French military races for recruits after lockdown setback

At a recruitment centre north of Paris, three young men with hopes of becoming French soldiers pore over contracts received a month late as the COVID-19 crisis brought enlistment to a halt.

France's two-month lockdown proved a major setback for the military -- the largest employer of first-time job seekers aged 17 to 30 -- as it seeks to attract 26,000 new recruits this year.

"Each month that passes without recruitment is the equivalent of an army regiment missing," Defence Minister Florence Parly warned this month.

Since enlistment resumed last week, around 15 candidates have been showing up every day at the centre in Saint-Denis, a Paris suburb with one of France's highest unemployment rates.

"We've been on a war footing since last Monday to receive these young people," General Remi Seigle, the army's deputy head of recruitment, told AFP.

The region counts 350,000 people aged 15 to 29 -- "exactly the target group," added Colonel Cyril Lepretre, head of recruitment for the Paris region and France's overseas territories. He noted that some 70,000 of these were without jobs.

And with the economic pain from the lockdown measures expected to severely curtail private-sector job opportunities, "There could be an uptick in enlistment," Seigle said. "Time will tell."

"We have a deficit of 2,500" out of a targeted enrolment of 16,000 for the army this year, he said. "We are hoping to reduce this, even if we cannot make up the difference entirely."

The stakes are high for France, which has deployed soldiers countrywide since a wave of jihadist terror attacks that began in 2015.

It has also invested heavily in the fight against insurgents in West Africa, recently ramping up its Barkhane force in the Sahel to 5,100 troops from 4,500.

The coronavirus outbreak also stretched the military's capacities, with soldiers rushing to set up field hospitals, organise patient evacuations, and step up surveillance of strategic sites.

- 'A second chance' -

At the Saint-Denis site, a stone's throw from the hulking Stade de France stadium, everyone wears a mask and desks are equipped with plexiglass barriers to prevent contagion.

Recruiters continued to work during the lockdown, and social media campaigns were maintained, said Patrice, deputy head of the Saint-Denis site, who like most French military personnel is allowed to give only his first name to journalists.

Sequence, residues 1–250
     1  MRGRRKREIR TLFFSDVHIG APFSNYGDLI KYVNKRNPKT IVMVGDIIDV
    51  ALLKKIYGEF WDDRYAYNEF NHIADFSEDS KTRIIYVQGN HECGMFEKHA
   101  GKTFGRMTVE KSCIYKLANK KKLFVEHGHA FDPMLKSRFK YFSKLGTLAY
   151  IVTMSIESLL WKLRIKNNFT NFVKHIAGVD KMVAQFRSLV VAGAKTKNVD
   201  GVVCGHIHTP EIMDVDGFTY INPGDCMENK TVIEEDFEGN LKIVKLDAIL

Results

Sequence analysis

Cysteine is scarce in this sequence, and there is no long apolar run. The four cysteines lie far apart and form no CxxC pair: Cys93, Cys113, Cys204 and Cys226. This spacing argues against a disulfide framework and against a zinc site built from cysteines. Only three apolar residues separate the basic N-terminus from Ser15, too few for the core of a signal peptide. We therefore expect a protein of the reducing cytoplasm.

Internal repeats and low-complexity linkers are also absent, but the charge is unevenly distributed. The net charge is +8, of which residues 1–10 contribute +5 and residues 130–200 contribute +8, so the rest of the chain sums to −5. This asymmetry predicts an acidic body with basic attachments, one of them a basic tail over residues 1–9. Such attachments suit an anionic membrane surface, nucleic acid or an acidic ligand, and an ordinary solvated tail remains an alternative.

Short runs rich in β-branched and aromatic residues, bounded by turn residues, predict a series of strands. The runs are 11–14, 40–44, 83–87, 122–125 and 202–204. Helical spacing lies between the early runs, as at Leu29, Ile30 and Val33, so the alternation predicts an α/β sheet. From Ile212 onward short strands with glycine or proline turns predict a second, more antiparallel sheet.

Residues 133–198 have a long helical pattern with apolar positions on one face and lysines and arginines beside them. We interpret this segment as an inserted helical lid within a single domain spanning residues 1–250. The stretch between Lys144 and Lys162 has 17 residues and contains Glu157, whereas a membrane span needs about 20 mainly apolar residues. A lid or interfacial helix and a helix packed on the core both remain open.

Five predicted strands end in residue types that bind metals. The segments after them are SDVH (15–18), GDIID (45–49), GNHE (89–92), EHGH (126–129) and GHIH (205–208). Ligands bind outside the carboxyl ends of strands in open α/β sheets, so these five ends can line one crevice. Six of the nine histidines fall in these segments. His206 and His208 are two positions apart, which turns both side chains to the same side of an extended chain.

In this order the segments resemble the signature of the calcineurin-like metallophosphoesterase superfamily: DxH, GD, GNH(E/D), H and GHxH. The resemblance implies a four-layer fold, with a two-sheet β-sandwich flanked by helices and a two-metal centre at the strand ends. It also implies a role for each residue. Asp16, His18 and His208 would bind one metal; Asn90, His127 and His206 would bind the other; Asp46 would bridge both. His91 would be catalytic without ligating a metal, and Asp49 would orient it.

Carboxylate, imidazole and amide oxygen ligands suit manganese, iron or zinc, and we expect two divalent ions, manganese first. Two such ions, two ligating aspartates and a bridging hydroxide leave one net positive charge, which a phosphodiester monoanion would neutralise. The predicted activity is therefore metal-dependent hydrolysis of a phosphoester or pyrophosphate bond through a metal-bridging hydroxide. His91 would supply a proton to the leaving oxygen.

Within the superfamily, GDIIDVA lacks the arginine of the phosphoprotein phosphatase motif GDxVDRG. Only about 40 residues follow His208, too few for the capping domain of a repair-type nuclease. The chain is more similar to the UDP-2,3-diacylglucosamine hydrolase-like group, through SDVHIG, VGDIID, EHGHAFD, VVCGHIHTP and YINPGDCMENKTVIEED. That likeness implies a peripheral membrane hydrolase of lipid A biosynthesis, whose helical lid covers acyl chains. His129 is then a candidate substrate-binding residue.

"We were able to start putting together candidate files using the internet, while waiting to carry out interviews in person," he said.

Among the men and women hoping to join was Mehdi, a 22-year-old who worked as a volunteer firefighter during the coronavirus outbreak.

"It was stressful to work thinking you could catch the virus, but I was helping people. That made me realise that this is what I want to do," he told AFP, wearing disposable blue gloves and a face mask.

He is aiming to join the ranks of the prestigious Paris fire and rescue brigade, which like Marseille's has the distinction of being its own military unit.

At the other end of the hall, a recruiter answered questions from Laetitia Smadja and her son Gaetan, soon to be 16, who had travelled from the eastern suburb of Bondy.

"I respect the army, it's what I've wanted to be part of since I was small," the youngster said shyly. He wants to attend the air force's technical college at Saintes in southwest France.

The lockdown measures had Gaetan's family fearing the worst. "We wondered if the applications would be accepted," his mother said. "But at the same time, it gave us time to find out more about it."

In the navy, which like the air force is aiming to hire 3,500 people this year, officials worried that alarming reports about a COVID-19 outbreak aboard the Charles de Gaulle aircraft carrier, which infected two-thirds of its crew, could dampen enthusiasm.

"But it hasn't had an impact on recruitment so far," said Claire, a navy ensign.

In a nearby office adorned with "Become a Sailor" posters, a masked young man told an interviewer he was hoping for "a second chance" with a career that would teach him "how to stay focused."

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